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As much as Selig would like to declare victory over the Steroid Era, testimony of current and former players in the Bonds trial was a reminder how pervasive the use of PEDs was. There could be another even more painful reminder this summer when Roger Clemens is scheduled to go to trial on charges of lying before a congressional panel on the use of PEDs.

Unlike Bonds, Clemens doesn’t have a former trainer willing to go to jail for him. Instead, he has one who seems to relish the idea of testifying against the big star.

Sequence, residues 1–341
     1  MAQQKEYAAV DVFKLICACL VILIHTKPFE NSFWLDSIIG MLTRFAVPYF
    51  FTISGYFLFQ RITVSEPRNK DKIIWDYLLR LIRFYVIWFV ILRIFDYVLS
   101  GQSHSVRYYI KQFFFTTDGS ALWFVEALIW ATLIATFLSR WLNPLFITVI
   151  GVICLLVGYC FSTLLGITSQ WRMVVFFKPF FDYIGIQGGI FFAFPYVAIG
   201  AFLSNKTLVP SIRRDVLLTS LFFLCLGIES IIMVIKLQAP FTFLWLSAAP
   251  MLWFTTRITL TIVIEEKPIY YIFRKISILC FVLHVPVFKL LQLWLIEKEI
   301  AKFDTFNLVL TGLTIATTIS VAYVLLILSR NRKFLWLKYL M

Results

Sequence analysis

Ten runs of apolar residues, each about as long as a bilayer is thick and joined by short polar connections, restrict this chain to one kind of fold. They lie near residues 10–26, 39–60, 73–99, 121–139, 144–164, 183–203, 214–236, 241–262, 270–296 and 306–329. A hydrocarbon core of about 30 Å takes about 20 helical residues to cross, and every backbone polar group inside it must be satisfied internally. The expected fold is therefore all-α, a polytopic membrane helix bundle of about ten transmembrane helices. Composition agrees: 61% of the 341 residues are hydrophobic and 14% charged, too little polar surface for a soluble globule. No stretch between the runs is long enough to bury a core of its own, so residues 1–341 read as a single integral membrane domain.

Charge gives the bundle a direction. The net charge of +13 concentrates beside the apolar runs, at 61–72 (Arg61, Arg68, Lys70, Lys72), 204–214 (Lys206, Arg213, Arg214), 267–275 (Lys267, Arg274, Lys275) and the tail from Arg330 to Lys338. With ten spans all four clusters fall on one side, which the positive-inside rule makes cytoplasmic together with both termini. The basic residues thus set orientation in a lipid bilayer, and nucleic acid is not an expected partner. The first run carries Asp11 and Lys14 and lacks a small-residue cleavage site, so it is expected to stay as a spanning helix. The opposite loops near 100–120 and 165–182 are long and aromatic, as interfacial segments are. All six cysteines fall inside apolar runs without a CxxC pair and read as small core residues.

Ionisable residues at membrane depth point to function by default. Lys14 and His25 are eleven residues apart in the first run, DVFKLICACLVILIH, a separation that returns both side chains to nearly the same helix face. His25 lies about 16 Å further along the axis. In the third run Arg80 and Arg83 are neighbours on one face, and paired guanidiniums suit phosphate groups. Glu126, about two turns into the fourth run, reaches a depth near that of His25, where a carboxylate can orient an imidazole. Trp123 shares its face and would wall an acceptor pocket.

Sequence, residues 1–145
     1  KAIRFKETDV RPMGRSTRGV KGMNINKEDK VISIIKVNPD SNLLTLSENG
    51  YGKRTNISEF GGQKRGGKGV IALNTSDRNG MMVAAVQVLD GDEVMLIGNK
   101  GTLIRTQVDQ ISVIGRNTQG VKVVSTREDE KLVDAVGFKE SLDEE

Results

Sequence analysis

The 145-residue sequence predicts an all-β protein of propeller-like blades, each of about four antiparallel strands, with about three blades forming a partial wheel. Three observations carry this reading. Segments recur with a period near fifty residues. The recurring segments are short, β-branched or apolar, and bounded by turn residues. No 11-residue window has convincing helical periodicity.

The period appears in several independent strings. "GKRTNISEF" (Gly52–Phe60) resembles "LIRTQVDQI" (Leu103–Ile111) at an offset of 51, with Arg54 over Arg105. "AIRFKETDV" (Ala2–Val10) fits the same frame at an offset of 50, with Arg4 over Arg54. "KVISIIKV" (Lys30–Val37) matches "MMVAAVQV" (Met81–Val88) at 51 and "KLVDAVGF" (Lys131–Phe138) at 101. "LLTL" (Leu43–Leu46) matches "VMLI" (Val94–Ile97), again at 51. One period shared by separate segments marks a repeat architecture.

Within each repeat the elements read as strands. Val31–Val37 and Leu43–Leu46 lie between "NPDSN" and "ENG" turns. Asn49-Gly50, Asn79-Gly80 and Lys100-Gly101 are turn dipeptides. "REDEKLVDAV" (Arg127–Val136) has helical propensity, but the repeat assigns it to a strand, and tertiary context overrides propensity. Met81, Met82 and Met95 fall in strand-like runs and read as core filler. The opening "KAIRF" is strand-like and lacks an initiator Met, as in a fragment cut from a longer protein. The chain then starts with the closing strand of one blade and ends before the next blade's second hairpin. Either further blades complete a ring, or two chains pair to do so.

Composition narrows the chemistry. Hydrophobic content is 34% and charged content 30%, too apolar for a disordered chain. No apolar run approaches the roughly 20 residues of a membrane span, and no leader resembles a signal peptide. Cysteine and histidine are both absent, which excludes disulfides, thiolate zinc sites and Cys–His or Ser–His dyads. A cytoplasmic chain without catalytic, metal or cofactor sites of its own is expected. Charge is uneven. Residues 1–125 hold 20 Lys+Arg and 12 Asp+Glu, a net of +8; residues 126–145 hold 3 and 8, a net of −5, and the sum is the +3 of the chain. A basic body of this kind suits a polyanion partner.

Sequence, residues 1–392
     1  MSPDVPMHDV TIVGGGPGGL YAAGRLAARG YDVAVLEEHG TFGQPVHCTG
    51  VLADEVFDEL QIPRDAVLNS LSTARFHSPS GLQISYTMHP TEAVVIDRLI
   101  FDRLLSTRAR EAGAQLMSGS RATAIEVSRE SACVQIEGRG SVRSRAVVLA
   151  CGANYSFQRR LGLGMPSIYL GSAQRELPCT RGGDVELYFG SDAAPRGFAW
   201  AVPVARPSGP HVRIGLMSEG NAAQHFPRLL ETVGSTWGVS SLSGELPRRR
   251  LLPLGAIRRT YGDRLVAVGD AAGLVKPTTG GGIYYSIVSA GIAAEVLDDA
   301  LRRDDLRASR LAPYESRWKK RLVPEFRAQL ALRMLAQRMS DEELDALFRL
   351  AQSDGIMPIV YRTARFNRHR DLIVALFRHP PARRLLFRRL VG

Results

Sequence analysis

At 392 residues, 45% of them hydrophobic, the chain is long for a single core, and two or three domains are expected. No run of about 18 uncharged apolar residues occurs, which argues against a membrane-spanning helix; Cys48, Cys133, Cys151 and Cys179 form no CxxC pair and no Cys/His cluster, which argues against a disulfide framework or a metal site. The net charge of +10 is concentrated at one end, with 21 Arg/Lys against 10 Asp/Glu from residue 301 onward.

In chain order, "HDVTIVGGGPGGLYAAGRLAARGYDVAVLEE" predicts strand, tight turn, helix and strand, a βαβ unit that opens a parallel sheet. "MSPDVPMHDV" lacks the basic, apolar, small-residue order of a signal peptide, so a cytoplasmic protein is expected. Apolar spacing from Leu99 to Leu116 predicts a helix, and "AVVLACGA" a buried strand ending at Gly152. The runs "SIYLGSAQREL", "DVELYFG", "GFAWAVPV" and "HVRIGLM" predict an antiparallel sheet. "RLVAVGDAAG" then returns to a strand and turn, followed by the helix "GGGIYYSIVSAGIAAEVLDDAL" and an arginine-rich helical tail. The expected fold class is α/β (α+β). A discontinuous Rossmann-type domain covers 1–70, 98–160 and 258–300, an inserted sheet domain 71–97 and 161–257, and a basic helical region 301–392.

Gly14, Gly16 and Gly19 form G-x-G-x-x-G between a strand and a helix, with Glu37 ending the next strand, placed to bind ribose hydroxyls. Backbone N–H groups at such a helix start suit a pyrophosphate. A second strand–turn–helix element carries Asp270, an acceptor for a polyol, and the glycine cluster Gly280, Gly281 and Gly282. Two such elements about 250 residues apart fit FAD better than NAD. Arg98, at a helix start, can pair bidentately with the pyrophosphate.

The BALCO investigation _ started almost a decade ago by federal agent Jeff Novitzky digging through garbage outside the San Francisco-area offices of the company _ snared a lot of people along the way. Marion Jones, her track coach, and elite sprint cyclist Tammy Thomas were among those convicted in a probe that ended up spreading far beyond the Bay Area.

Novitzky and his crew can now claim their biggest conviction with Bonds, but it’s a hollow win. While it’s admirable that they went after Bonds when baseball refused to, it’s hard to justify the years of work and the money spent for the relatively insignificant conviction they finally won.

Asked outside the courthouse if he was going to celebrate, Bonds said there was nothing to celebrate. Technically, he’s right, because, for now at least, he’s a convicted felon.

But on this day he had good reason to be flashing the victory sign.


Tim Dahlberg is a national sports columnist for The Associated Press. Write to him at tdahlberg(at)